Wednesday, August 19, 2009

In Defence of Lord McColl (And - Whisper It - Private Healthcare)

It's stories like THIS in today's Times, which make me despair about the quality of some of our political journalism. Full of innuendo, attempts to smear, but backed up by very little.

Lord McColl is a junior Tory health spokesman. Heard of him? No, me neither. In real life he is a surgeon. He also happens to be a consultant to Endeavour Health, a new private healthcare company that provides a fee-paying rival to the National Health Service’s family doctor service. Obviously in these NHS-loving times, that rates alongside being Jack the Ripper's handyman. Lord McColl has declared his interest in the register of members' interests, and yet The Times is insinuating that he has done something wrong. He hasn't.

I have no idea of Lord McColl's financial circumstances, but he wouldn't be alone in needing to earn a living. Contrary to popular rumour, peers to do not get paid. They get an attendance allowance of £174 £86.50 per sitting day. Last year, that would have trousered them £27,840 £14,186 . So unless you have private means, you have to have outside work. With McColl's background as a surgeon, it is hardly surprising that he has taken on a consultancy in the field of his own expertise.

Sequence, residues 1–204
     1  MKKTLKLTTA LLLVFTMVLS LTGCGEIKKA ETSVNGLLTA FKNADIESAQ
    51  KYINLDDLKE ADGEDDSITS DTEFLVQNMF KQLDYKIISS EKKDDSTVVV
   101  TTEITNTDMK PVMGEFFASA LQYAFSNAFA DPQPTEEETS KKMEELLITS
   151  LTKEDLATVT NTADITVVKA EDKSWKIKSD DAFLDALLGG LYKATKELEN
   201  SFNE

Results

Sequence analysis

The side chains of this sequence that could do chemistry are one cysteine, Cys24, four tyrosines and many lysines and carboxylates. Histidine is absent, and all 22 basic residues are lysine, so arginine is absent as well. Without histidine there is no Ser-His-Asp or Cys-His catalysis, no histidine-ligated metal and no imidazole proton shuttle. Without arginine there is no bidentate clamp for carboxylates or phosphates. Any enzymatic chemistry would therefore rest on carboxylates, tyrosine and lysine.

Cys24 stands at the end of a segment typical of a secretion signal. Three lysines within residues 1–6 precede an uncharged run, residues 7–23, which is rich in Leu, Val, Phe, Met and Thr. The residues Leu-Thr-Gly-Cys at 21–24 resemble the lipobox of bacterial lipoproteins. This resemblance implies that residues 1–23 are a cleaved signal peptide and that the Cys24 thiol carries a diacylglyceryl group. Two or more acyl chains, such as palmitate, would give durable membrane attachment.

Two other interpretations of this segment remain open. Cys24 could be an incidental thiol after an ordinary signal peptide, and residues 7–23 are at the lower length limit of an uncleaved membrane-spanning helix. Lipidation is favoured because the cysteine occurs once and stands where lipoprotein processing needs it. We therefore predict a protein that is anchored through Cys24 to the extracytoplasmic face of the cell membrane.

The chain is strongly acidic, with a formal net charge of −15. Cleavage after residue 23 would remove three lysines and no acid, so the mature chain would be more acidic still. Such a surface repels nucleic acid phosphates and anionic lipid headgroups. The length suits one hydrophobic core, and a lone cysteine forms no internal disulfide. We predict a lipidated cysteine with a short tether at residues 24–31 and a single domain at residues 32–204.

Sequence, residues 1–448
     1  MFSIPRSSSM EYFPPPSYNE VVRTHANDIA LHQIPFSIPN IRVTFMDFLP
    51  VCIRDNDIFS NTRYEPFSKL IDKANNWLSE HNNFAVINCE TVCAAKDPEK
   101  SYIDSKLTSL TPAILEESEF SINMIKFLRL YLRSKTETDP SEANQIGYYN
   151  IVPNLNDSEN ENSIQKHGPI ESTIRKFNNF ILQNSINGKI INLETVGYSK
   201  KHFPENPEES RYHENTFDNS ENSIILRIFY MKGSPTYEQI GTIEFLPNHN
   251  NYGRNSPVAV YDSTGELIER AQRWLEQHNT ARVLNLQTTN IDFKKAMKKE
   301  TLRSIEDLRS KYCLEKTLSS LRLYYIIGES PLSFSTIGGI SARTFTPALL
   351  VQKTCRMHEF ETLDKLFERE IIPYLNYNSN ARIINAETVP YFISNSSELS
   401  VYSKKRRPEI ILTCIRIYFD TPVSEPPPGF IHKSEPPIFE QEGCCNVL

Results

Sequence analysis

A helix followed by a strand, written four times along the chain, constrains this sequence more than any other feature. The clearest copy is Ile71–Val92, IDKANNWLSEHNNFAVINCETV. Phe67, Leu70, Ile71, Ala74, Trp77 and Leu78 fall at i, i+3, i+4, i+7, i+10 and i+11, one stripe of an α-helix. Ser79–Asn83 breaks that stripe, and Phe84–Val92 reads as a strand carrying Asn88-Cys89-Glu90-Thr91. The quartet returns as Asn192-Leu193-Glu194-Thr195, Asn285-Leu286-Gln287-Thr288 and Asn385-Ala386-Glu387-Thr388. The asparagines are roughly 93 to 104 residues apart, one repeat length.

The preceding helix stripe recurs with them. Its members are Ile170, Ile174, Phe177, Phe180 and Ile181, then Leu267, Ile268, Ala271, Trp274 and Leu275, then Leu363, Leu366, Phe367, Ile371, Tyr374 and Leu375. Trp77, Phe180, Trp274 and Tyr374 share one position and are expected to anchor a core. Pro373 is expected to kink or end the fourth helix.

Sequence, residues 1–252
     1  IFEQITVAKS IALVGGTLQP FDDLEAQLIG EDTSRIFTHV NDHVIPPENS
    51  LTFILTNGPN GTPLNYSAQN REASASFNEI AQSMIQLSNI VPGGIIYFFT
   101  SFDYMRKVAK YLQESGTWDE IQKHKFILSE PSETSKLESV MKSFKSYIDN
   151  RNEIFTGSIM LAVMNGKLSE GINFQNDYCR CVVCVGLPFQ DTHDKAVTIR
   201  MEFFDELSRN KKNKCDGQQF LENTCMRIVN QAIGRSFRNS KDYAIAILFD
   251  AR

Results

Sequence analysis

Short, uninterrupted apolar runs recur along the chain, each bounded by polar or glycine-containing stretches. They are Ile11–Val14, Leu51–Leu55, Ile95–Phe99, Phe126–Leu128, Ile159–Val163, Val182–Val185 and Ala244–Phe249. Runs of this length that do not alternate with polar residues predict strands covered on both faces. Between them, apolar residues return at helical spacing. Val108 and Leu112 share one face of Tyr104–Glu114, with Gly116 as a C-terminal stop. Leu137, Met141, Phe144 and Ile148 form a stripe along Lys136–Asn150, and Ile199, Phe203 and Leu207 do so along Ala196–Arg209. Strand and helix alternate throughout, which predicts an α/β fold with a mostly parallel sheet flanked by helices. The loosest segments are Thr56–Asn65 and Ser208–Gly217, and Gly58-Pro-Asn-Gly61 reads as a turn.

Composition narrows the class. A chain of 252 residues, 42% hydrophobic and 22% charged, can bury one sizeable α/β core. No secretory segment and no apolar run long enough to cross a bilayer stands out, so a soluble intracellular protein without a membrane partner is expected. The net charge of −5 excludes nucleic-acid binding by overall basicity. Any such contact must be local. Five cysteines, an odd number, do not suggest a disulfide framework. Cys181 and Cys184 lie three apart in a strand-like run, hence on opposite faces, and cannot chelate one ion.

Let's roam into the world of fantasy. Imagine if I were in the House of Lords (yes, we can all laugh - I don't look good in Ermine anyway). Imagine further if I were an junior front bench spokesman shadowing the DCMS. Could I exist on the attendance allowance? No. I also don't have the private means to allow me to do so. So I would have to have some sort of declarable outside income. Why shouldn't this come from my own company, which publishes Total Politics? Ah, I hear you cry, but publishing falls under the remit of DCMS. Indeed it does. But if it is all transparently declared, and people know what my role outside the House of Lords is, what's the problem? Sure, if I start making speeches calling for tax breaks for political publishers, people would be entitled to smell a very large rat, but can The Times point to any instance of McColl abusing his position to do the equivalent within his health portfolio. No. The worst that The Times can throw at him is ...